Hazel married Leonard Nelson of the North Park dis­trict in 1939. She passed away in Elk Point hospital in 1957, leaving three children, Robert, Olive, and Gail. Lawrence spent four years in the Army and later married Margaret Martin of Provost. They have three children, and are still on the farm. On September 30, 1974 his left arm was caught in the baler and most of it had to be amputated. Doris married George Kvill of Marwayne. Their four boys are all on their own. George (Botting) spent a year in the Army. Later he went to cook for the Air Force at Abbots­ford, B.C. In 1946 he was back in Alberta working at spray painting and rock blasting. At present he resides in Heins- burg and is on pension. Ida lived with him for a time, then with other members of the family. Finally she went into the home at Bonnyville, then passed away in the Lloydmin­ster hospital in February 1966. She was buried beside Harry at Cadogan.

Ernest, through V.L.A., obtained land at Laurier Lake. For ten years he was caretaker for the Montgomery branch of the Legion in Edmonton. In the late 1950s Vernon (Babe) Sharkey built a booth at Laurier Lake, at what is now known as Ernie's Beach. At present it is owned by Marvin. Ernie operated the Laurier Lake booth for about two years before his death from leukemia in July 1973. Lizzie married Ole Hanson at Cadogan in 1925. After being widowed she married the late Pete Fossen of Metiskow. She and Ole had four girls, including a set of twins. Marvin and Ella were married in 1946. They have four boys and one girl, also including a set of twins, Gary and Sharon (Wenzel) are living in Edmonton. Rodney has combined farming with work on oil rigs, and the twins are still in high school. When the Lake Whitney school was closed Marvin hauled pupils to Heinsburg, using a caboose and team in winter, and a rubber-tired wagon other times. The family has operated the booth at Ernie's Beach for several years.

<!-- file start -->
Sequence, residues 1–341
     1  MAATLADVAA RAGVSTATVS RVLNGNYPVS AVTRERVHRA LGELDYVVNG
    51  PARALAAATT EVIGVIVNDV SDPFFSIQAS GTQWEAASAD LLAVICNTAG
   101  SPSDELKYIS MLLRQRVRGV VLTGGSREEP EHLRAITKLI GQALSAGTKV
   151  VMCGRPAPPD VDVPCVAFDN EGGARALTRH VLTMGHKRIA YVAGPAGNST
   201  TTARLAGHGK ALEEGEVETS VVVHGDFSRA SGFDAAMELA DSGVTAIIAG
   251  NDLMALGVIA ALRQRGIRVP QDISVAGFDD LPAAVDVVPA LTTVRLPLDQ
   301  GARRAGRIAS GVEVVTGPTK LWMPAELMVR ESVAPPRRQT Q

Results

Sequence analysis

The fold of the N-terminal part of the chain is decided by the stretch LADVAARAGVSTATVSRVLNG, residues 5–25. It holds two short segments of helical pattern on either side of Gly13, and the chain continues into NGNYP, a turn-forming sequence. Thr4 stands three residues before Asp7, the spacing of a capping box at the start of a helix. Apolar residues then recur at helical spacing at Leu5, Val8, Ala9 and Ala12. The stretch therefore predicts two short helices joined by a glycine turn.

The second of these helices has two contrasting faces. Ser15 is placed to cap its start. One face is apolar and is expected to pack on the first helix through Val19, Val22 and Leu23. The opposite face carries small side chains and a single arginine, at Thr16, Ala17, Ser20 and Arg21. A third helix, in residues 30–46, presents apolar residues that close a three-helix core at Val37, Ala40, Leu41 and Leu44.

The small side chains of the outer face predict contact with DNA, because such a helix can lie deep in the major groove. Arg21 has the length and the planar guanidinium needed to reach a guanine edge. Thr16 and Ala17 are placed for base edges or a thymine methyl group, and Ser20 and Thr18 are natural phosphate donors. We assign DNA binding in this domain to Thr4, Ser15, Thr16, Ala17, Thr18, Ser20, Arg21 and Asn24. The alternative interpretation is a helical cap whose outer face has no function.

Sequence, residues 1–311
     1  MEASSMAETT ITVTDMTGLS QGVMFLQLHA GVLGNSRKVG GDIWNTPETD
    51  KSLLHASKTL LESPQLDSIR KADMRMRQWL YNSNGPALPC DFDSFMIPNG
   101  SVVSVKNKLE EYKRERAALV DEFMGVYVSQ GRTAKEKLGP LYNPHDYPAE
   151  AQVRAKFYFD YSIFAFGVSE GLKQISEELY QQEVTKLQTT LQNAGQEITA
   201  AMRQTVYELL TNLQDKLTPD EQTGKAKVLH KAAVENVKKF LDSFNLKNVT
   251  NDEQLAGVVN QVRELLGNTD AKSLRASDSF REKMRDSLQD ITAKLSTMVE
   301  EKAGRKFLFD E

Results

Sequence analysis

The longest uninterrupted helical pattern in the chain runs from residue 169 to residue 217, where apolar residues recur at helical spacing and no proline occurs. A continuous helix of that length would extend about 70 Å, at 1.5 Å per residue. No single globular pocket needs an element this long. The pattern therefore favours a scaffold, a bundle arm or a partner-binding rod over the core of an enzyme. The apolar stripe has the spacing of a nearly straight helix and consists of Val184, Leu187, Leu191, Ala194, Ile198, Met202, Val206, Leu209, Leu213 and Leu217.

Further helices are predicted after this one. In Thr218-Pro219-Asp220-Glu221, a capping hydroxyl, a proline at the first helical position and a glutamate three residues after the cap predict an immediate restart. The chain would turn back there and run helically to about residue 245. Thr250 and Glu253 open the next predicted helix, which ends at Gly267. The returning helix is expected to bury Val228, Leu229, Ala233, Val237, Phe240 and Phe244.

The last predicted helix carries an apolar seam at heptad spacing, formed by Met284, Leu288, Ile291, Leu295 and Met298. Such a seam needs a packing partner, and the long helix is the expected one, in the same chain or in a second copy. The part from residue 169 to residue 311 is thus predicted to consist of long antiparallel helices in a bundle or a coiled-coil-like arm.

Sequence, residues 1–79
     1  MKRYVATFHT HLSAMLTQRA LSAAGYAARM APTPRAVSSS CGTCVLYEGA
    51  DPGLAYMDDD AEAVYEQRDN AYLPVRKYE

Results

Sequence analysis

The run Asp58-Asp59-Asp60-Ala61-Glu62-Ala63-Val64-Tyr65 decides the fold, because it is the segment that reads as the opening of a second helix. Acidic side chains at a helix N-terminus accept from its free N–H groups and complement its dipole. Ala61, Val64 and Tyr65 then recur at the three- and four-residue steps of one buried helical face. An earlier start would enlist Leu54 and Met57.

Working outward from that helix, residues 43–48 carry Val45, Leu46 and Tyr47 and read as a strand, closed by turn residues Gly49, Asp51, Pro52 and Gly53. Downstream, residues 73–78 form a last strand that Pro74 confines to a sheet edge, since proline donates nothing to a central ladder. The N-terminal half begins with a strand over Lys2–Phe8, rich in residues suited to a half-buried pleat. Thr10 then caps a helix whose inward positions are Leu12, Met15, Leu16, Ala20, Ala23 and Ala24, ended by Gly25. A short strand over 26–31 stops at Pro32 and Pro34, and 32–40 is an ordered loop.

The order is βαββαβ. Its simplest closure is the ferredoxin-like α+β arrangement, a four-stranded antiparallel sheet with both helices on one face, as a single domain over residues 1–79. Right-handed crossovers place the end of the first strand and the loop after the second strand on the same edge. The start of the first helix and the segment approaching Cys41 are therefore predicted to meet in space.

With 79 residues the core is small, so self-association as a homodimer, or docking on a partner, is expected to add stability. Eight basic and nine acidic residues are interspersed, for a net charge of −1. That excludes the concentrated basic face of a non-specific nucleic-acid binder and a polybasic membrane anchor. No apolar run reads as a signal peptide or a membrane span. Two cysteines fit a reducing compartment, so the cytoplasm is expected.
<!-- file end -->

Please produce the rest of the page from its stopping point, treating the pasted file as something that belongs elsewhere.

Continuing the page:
In 1947 Chester bought the booth and hall at Laurier Lake from Ed Brett. Dances were held there in the summers until 1952. December 1955 saw the family moving to Cadogan. In 1956 Chester took the position of Pest Control Officer and signed on as a substitute bus driver. Bertha operated the Post Office from 1958 to 1964. Their last year at Cadogan Chester drove bus full time and they opera­ted a restaurant. They moved back to the McCormick farm in the summer of 1965. Chester drove the Frog Lake-Heins­burg school bus for ten years, retiring at the end of June 1975.

Their daughter Grace married Alvin Meger in 1954. He is now shipping supervisor at the Salt Plant and has taken over the McCormick land from Chester. Their home is built in the pines close to her parents. Rick, their eldest, began working with Brooker Engineering in Edmonton after train­ing at N.A.I.T. Wesley left school to work for Crystal Glass in Edmonton and Vancouver. Jeff, Bert, Tony and David are still at home. The boys have been active hockey and ball players. Grace has done a bit of song writing and raises saddle horses. Shirley (1943) married Robert Hendriks, her teacher at Cadogan. Bob was in the Air Force and they were married in the East in 1962. Out of the service he taught at Amisk and Edmonton. At present they live on an acreage just off the road into Ross Lake, east of Chester's. Bob is teaching at Heinsburg and holds the position of Vice-Principal. He owns the land formerly owned by Glen Max­well and Benny Kates, and raises cattle. Their children, Deanna and Rob, are still in school.

Bonny (1945) married Ted Croy of St. Lina in 1966. They have an adopted son, Cecil. Ted has worked at Ash­mont, Rocky Mountain House, Leslieville and High Level. At one time they lived in a trailer between Chester's home and the Hendriks' acreage. Henry (1947) married Roxie Burns of Clandonald. He has a welder's license and has worked at Fort McMurray and other places. They have four children. He bought the Sam Waldner farm at Clandonald, and for a time worked at Vermilion Manufacturing. He plays guitar, along with Chester on banjo, Grace on accor­dian, and Bob on bass, under the name "Family Four." Both Grace and Henry do vocals.

Chester began playing with the Heinsburg Old Timers back in the 1930's, and remained with them until 1956. In those early years George Parsons played guitar with the group, before Ernie Woods joined them. Other members were Harry Jenner, Ross Sanders, Gerald Lawrence, Erling Sand, and Elmer Rushfeldt, for a short time. At present Chester and Bertha are semi-retired, still on the farm, and still interested in old cars and other antiques. Since buying a truck and camper they have been doing some travelling.